Though elements of IR share this aversion (especially outside the mainstream of IR), the revulsion is reflected even more in the realm of English language teaching. In English language teaching, when it comes to teacher talk, less is more. One should avoid essentializing English teaching techniques too much. The body of research and theory that informs English language teaching has gone through many changes. From the largely passive techniques of the early days (grammar-translation and audio-lingual approaches) to more experimental approaches (such as the silent way, suggestopedia, and total physical response) to communicative language approaches, to say nothing of the split between Applied Linguistics and practical teaching research (see Ariza et al. 2011, 63–74; Richards 2008). It is hard to generalize too much about the totality of English language teaching.

And yet one generalization, I believe, is not unfounded: active learning techniques are the norm in English language teaching. Whether they are task-based, competency-based, or communicative approaches, English language teachers are encouraged to get their students speaking through role-plays, discussions, projects, and tasks. The key insight behind all of these active approaches is that English is not just a body of knowledge to be taught, but a tool to get things done. The value of giving students time to use their English in meaningful contexts is so taken for granted that almost no English language teacher would dispute it. And yet, there is an even more radical approach to creating a communicative classroom. I have come to refer to this as the doctrine of “destroying the teacher.” This approach is detailed in Alan McLean’s (1980) short article “Destroying the Teacher: The Need for a Learner-Centered Teaching.” In his article, McLean (1980, 16–17) proposes five principles for organizing a better English language classroom:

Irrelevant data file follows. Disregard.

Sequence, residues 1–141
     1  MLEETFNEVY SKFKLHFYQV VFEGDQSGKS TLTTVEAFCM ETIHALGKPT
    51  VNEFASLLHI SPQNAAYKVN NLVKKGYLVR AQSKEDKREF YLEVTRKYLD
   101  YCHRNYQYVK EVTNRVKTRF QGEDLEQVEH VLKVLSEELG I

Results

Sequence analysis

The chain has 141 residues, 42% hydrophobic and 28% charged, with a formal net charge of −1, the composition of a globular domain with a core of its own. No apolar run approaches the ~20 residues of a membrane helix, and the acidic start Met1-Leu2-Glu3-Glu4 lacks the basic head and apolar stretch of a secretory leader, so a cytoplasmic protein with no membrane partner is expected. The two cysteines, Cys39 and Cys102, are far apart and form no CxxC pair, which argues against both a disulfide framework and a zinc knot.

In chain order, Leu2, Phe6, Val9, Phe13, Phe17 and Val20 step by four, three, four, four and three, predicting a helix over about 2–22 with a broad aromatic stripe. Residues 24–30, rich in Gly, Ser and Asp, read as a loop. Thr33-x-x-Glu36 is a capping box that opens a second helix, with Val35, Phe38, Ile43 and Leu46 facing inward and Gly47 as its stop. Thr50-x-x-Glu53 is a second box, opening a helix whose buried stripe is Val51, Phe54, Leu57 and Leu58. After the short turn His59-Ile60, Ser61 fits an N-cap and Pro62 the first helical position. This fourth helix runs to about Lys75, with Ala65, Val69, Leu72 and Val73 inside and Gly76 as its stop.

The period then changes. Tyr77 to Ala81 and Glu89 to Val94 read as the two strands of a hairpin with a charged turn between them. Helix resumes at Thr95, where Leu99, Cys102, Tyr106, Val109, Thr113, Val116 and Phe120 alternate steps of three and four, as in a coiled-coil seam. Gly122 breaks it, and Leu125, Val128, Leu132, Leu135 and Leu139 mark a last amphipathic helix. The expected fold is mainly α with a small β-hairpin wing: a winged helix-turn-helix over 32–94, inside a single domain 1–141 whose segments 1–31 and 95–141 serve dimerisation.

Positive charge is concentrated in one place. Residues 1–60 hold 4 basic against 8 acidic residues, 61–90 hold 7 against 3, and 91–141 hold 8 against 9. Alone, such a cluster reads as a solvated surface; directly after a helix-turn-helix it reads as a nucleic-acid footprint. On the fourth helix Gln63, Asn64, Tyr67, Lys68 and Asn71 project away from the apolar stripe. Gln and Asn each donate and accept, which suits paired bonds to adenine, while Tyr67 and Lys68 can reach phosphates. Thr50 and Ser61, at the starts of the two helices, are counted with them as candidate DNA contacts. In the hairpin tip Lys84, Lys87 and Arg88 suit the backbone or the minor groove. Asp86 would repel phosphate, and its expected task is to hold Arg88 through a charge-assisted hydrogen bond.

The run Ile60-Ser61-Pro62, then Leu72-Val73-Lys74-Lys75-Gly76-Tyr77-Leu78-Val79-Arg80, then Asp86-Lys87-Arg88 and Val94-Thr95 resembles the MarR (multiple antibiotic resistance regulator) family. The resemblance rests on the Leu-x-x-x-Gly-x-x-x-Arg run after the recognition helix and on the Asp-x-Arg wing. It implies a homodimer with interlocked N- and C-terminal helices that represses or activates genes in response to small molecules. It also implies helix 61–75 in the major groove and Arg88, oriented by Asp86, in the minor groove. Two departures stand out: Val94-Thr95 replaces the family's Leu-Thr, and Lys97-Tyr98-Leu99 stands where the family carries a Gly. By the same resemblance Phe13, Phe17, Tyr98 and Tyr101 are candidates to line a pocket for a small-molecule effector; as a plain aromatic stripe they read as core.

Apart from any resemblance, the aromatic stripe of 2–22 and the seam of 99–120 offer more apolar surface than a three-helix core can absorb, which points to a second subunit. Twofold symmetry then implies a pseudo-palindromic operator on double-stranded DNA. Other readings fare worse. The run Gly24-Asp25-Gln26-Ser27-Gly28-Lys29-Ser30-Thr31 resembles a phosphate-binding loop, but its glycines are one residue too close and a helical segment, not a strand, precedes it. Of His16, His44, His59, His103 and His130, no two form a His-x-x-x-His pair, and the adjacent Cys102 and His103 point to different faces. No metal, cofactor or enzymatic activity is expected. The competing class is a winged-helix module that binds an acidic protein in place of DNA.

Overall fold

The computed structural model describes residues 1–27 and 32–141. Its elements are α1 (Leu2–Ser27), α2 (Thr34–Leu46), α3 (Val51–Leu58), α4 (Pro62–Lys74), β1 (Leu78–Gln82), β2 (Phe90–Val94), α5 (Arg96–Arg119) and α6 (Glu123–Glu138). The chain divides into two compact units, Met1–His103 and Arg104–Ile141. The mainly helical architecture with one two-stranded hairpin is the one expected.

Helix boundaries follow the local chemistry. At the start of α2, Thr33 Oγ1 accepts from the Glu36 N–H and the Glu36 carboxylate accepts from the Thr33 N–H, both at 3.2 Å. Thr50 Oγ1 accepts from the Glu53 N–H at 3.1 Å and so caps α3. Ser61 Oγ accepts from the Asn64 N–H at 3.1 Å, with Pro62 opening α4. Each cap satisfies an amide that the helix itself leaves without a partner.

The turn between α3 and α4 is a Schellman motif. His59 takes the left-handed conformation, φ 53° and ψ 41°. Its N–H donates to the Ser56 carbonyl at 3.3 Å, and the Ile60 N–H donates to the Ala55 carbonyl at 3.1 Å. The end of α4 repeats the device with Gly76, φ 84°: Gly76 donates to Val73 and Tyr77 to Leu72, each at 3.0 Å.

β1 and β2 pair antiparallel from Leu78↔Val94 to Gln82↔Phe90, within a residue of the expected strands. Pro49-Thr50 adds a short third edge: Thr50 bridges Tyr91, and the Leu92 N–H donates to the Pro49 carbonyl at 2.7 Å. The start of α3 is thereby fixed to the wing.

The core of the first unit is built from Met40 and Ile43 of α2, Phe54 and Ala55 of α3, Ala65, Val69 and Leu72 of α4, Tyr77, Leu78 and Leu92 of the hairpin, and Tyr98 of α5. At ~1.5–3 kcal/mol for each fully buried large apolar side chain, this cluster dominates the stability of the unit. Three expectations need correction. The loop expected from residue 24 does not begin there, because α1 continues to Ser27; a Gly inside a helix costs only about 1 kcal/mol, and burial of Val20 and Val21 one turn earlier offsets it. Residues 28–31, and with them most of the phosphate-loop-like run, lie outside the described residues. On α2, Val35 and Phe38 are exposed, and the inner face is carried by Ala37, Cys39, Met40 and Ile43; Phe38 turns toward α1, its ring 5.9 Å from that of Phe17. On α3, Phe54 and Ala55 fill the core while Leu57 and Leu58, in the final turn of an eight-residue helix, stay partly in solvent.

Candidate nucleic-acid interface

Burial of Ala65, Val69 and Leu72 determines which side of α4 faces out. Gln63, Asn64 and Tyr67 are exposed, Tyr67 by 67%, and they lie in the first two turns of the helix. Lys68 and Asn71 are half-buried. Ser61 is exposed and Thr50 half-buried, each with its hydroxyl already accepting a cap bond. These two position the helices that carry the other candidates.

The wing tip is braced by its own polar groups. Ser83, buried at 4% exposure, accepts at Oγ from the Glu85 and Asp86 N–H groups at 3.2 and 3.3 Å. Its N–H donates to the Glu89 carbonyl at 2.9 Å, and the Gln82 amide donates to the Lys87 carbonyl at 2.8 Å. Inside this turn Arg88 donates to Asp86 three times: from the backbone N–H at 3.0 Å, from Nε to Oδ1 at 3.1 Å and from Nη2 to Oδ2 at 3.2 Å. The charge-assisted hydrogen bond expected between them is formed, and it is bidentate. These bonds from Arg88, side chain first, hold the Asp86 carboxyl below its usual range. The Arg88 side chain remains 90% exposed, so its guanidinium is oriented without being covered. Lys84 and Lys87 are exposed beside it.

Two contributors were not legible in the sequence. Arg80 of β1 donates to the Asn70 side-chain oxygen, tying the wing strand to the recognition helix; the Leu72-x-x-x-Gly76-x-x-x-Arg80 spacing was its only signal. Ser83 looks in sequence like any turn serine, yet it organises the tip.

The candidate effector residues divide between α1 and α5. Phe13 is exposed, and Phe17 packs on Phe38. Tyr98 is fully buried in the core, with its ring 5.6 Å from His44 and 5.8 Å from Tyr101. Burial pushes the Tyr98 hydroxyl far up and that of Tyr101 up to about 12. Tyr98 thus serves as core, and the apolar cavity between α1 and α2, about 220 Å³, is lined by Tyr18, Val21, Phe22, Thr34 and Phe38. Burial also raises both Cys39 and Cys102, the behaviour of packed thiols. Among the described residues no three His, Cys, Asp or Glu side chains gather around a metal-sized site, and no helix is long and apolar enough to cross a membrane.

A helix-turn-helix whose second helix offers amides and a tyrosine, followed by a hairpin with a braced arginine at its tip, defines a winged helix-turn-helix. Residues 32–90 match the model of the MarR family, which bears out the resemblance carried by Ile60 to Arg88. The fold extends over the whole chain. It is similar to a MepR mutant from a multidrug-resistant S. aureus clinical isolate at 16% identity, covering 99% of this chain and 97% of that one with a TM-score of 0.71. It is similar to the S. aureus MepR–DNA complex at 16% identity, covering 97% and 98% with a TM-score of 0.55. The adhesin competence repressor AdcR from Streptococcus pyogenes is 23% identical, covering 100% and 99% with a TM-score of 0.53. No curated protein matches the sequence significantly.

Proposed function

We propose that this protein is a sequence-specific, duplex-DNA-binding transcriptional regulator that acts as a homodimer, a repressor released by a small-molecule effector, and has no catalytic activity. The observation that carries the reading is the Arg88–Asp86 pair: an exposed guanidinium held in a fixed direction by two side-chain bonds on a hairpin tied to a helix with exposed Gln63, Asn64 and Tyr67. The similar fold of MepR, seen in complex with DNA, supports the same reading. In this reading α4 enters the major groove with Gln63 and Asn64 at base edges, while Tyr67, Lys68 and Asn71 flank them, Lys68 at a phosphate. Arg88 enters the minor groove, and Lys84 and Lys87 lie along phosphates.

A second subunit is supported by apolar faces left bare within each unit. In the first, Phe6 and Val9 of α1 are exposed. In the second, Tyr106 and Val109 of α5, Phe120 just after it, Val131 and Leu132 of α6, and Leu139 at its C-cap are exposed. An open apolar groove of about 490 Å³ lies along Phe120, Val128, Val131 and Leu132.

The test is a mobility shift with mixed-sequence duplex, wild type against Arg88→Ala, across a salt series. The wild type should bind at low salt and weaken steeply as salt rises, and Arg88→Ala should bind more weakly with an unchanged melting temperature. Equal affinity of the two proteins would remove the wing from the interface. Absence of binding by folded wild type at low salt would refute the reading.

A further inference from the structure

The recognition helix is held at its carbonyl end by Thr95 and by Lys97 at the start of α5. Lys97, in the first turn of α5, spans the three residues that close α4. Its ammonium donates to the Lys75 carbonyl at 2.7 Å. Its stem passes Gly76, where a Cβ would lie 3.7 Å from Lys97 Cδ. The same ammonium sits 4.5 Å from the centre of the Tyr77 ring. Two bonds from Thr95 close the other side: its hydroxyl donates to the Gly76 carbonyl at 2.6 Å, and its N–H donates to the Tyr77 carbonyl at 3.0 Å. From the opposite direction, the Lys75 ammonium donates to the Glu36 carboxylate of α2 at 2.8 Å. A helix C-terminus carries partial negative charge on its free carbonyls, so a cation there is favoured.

1. reduction of coercion
  2. active learner involvement
  3. experience before interpretation
  4. avoidance of oversimplification
  5. the value of silence

To these five principles generated by McLean, I would add two more suggested by David Nunan (2013, 60) in his body of research.

  • Encourage students to become teachers
  • Encourage students to become researchers

For various reasons, some of these principles might not apply to the IR classroom. For scholars with a focus on critical perspectives (for example, feminist, neo-Marxist, postcolonial, and postmodern approaches), the reduction of coercion and avoidance of oversimplification are often key aspects of the classroom. However, in mainstream IR, the ability to make complex phenomena simpler is often highly valued. Additionally, if students feel they are being coerced into studying things that are irrelevant to them, then they are free to take other classes. For practical reasons, experience before interpretation may not be possible. A short trip to the UN headquarters or an active combat zone is typically not feasible. Though, when we examine the active learning literature further, we will see that there are times when fieldwork is possible.

While all seven principles mentioned above can be useful for IR, two are particularly relevant: active learner involvement and the value of silence. Active learner involvement (a technique that also usually reduces coercion) can improve motivation and increase student autonomy. In an English language classroom, often the richness and fluency of a student’s speech improves when they are discussing topics about which they are passionate. Allowing students to choose some of their own content increases their motivation. Involving students early and often also increases their autonomy and makes them rely less on the teacher.